The outdoor industry is leading the way when it comes to climate protection. While customers and other stakeholders generally welcome CO2 reduction measures, voluntary carbon offsetting is still a target of criticism. Yet, it perfectly complements a holistic corporate climate protection strategy as an immediate measure.

The key to sustainable success in business is to implement a thorough examination of the existing situation. Calculating the corporate CO₂ balance, analysis of current measures, and capacity building about the statutory framework, competitive environment, and the risks of climate change for the own business model: All this creates the background of an active corporate sustainable engagement.

Companies can develop their climate strategy based on their carbon footprint inspired by the competitive landscape. As a result, the implementation allows them to discover and harvest the “low-hanging fruits” and put everything in motion to reach their mid-and long-term goals or even a net-zero claim. As part of the overall process, many companies are offering voluntary CO2 compensation, thus making individual products, product lines, or the entire company climate neutral.

CO2 offsetting is one strategy among many

Hardly any other instrument in the fight against climate change is subject to such intense criticism, sometimes even labelled as greenwashing. It would be justified if CO2 compensation is the only pillar of a company’s climate protection strategy. But, such true greenwashing is virtually non-existent today. The desired advertising advantage is disproportionate to the direct costs incurred and, above all, the risk to one’s reputation.

Instead, compensation, i.e. the offsetting of specific CO2 emissions by supporting effective climate protection projects, serves as an instrument to calculate the actual costs of a product, bring them into one’s sphere of responsibility, and not burden the customer.

Offsetting is not suitable as a stand-alone miracle weapon for corporate climate protection. It is only effective in line with strategic plans and implementation to reduce the product or company footprint. However, offsetting projects have one significant advantage: their immediate effect. In the case of mitigation projects – i.e. reducing emissions through more efficient, subsidized technologies, for example – the certified offset usually takes place within two years. In the case of nature-based carbon capture projects, the time horizon extends up to ten years. Yet the captured CO2 has a long-term effect.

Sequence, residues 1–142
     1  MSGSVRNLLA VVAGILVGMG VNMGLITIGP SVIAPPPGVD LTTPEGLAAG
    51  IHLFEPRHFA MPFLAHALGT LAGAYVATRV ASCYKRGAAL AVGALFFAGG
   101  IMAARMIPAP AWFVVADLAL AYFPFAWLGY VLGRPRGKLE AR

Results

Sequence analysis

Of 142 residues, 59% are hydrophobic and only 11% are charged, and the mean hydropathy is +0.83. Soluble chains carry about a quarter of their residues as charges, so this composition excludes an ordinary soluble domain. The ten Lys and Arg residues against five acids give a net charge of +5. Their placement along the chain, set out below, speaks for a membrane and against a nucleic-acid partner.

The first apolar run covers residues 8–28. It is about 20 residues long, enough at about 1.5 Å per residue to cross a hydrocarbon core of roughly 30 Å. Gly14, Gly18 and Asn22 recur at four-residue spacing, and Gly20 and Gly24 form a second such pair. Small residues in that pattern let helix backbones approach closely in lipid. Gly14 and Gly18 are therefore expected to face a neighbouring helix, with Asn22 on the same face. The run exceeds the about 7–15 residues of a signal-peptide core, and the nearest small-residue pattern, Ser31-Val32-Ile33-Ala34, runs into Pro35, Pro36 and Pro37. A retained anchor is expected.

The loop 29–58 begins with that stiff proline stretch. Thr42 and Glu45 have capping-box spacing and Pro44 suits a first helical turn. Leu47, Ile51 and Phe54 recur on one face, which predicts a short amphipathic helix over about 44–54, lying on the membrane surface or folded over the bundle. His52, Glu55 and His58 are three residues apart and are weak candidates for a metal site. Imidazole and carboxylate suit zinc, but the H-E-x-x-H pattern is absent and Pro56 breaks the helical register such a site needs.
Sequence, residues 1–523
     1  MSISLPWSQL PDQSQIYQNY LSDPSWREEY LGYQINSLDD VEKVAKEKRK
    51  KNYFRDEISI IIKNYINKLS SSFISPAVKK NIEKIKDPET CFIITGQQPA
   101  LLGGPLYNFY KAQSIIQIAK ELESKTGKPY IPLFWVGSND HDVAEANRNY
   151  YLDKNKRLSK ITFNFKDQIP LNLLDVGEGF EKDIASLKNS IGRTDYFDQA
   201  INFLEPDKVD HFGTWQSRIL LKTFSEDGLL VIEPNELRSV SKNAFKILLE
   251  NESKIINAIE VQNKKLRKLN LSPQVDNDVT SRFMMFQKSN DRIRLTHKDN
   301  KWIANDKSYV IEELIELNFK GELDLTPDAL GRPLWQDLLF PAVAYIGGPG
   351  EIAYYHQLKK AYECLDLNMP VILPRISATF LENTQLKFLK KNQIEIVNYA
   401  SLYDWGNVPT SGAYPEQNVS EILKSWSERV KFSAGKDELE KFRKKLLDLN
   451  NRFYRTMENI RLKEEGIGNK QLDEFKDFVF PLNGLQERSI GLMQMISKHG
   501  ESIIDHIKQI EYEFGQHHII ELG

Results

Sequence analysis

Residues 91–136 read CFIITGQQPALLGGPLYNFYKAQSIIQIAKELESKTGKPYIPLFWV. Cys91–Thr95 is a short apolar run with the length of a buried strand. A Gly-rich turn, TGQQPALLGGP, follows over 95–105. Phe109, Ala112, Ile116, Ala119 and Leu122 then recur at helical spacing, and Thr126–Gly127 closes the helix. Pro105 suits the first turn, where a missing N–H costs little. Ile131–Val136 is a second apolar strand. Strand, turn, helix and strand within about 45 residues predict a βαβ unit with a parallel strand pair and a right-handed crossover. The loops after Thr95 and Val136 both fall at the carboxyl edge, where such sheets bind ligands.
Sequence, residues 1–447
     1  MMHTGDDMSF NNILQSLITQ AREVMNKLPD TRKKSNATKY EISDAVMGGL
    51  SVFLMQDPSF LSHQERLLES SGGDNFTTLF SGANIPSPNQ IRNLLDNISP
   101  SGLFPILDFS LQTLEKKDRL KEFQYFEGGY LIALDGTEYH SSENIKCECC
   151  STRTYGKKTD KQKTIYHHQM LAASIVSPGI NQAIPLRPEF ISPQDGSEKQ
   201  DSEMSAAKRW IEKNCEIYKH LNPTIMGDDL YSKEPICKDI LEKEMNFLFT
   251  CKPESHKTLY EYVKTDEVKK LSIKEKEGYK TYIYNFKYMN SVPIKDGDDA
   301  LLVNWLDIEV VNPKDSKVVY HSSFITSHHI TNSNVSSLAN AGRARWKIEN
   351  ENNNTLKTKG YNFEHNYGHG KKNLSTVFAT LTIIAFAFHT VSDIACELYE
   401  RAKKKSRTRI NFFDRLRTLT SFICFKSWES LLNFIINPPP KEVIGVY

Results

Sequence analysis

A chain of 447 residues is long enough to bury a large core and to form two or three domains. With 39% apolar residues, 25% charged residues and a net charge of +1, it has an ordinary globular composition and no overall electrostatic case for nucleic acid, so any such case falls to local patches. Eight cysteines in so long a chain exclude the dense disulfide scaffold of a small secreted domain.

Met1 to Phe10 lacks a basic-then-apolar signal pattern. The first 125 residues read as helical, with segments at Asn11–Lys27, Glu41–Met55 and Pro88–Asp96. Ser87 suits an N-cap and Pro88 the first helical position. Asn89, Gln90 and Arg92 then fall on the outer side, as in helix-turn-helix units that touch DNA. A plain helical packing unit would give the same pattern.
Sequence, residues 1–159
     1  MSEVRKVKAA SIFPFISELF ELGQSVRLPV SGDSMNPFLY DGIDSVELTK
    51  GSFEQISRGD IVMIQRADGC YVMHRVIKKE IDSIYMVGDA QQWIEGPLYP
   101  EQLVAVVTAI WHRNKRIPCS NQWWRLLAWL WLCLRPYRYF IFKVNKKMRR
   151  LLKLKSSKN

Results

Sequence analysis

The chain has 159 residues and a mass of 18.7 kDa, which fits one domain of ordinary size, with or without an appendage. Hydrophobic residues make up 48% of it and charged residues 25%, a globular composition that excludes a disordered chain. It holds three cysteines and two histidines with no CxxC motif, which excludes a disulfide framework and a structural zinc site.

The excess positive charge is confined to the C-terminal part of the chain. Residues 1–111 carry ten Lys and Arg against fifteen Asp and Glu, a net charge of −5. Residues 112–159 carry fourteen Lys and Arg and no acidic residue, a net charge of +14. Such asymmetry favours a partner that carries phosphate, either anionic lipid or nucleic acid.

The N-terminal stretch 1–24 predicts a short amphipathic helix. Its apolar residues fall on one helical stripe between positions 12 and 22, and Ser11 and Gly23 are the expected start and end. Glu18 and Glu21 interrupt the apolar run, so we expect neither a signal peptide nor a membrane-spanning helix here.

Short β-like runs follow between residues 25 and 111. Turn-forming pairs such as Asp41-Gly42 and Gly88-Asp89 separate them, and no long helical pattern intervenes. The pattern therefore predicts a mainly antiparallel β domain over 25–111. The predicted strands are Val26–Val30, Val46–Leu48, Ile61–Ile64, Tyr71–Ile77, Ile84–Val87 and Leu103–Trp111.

Therefore, a commitment to offsetting is fundamental in times of transition towards climate neutrality because it tackles the time issue in global climate protection roadmaps. After all, it is illusory to believe that we will meet our reduction goals by cutting our emissions massively in 2040 or 2050 drastically in a short period of time as if by magic. On the contrary, we are in a long-distance race, and the more consistently we tackle it, the faster (and with more capacity for the final sprint) we will reach our goal.

Myclimate advises companies on climate protection strategies. The focus is on the analysis and identification of reduction potentials. However, as a pioneer in voluntary carbon offsetting, we offer this effective instrument to round off corporate climate protection engagements.


Photo: Myclimate

No Comments

Sorry, the comment form is closed at this time.

More Stories

PFAS Substitution Guide Interview

Hazardous highly fluorinated substances or PFAS, are being phased out, but it’s proving to be a job easier said than done. Lisa Skedung, co-editor of the recently released PFAS Substitution Guide, shares how to put an end to these “forever chemicals.”

By Jonathan Eidse

Can “Nearshoring” Solve Our Many Crises?

Is “nearshoring” production back to nearby countries the solution to pandemic, war and climate woes? We take a deepdive into the bicycle apparel industry’s efforts to find out.

By Werner Müller-Schell

We’ve Got the Power

Many wait on politicians to sort out renewable energy production. Suston meets with three outdoor brands and retailers that, through their own wind and solar initiatives, are already leading the way.

By Philipp Olsmeyer

Forget “Green Growth”

According to Dr. Jason Hickel, author of the book “Less is More,” such “growthism” is the very reason we’re experiencing environmental collapse in the first place. Suston reaches out to learn more.

By Jonathan Eidse

More News

Sign up for Suston Monthly!

Get the latest sustainability news and stories from the outdoor community delivered free to your inbox with the Suston Monthly newsletter.

Sign up for our newsletter